By the time Faiz was released from prison in 1955, much water had flowed under the bridge. In his own words, the country had been ‘sold to the neo-imperialist block’. The government had signed the Seato and Cento pacts and had lodged itself squarely alongside western powers led by the United States. The Cold War had begun in earnest and the former ally of the West, the Soviet Union, was now its enemy number one. All left-leaning and progressive voices were heavily censored. The trade union movement, which Faiz had helped build had been destroyed. By Faiz’s own account, any activity in the political arena had become impossible. Politically, there was famine in many parts of the country and industrial activity had stagnated or come to a standstill. Poverty had increased still further from the level it was at in 1947. Faiz rejoined Pakistan Times, again writing editorials critical of the government’s domestic and foreign policies. In addition, the paper voiced vocal opinions about normalising relations with the socialist bloc, by this time possible only through cultural and scientific exchanges. Faiz wrote little poetry during this time but did attempt to enlarge his creative horizons. He wrote a screenplay and then helped turn it into a feature film, Jago Hua Savera based on the lives of fishermen in East Bengal. In 1956, Faiz was invited to India to the inaugural session of a conference on Asian writers organised by the Progressive Writers’ Association, giving Faiz a chance to meet and catch up with his old comrades, including Syed Sajjad Zaheer, Mulk Raj Anand, Krishen Chander and others. It was at this conference that the similarities between problems faced by former colonies in Asia and Africa were discussed and the idea of an Afro-Asian Writers’ movement was born. In 1958, Faiz and Hafeez Jallundhri, the author of the Pakistan national anthem, went as Pakistani delegates to the second conference of Afro-Asian writers in Tashkent. Faiz’s long cherished desire to see the USSR was thus fulfilled and he became a leading proponent of the ‘Tashkent Declaration’, which pledged to “resist the cultural pressures of neo-colonialism and help the former colonies throw off the spiritual yoke of colonialism by uniting intellectuals on a new, higher plane.” It was during the conference that General Ayub Khan and the Pakistani army led a coup against the Government of Pakistan and implemented the “Social Security Act” by virtue of which they began widespread arrests. Faiz was warned by progressive friends in the USSR not to return to Pakistan since arrest, or worse, was a near certainty. He chose to return anyway and was promptly arrested a few days later, eventually serving six months in jail. After his release, he decided on a change of scenery and moved to Karachi for a while and taught at a college for poor students. However, the weather in Karachi did not suit him. He began having frequent asthma attacks, and eventually Alys persuaded him to return to Lahore.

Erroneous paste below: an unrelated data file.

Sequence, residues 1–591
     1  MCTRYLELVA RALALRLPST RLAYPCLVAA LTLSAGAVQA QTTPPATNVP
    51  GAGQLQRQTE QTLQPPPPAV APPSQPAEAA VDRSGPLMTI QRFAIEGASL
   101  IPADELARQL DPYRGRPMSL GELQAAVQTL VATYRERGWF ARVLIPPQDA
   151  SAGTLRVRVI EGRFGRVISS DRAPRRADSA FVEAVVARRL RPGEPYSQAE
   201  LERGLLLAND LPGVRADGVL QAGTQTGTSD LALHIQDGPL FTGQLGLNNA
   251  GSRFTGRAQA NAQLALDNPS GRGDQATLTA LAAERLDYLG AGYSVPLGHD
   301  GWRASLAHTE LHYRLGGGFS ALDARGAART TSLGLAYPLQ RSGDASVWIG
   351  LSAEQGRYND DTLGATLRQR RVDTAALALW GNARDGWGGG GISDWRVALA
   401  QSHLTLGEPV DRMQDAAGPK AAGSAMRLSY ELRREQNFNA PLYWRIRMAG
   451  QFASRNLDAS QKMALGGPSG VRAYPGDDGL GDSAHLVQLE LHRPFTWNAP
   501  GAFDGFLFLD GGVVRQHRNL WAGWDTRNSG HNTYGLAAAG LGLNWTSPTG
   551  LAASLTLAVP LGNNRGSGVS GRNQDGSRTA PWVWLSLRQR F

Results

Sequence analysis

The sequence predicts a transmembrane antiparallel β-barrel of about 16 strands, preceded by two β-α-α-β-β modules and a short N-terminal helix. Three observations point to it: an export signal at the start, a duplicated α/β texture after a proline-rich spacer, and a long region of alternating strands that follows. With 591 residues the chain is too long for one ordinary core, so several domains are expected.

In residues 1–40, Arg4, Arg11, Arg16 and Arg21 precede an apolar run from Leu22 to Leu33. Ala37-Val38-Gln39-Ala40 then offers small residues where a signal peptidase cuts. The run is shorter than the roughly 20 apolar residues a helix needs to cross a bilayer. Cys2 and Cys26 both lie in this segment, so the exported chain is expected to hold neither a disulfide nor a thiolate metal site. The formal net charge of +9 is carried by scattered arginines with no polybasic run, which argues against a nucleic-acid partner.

The Lenin Peace Prize
Khalal pazeer bovad har bina ke mi beeni (Every foundation you see is faulty) — Hafez Upon his return from Karachi, Faiz had been ill and had been told by his doctor that he had suffered a mild heart attack. It was while he was recovering at home that he was informed of having won the Lenin Peace Prize, the Soviet equivalent of the Nobel Prize. The year was 1962. The prize ceremony was to be held in Moscow and since Faiz was still under surveillance by the military government, the only way he could travel to the USSR to accept the award was by the permission of the President of Pakistan.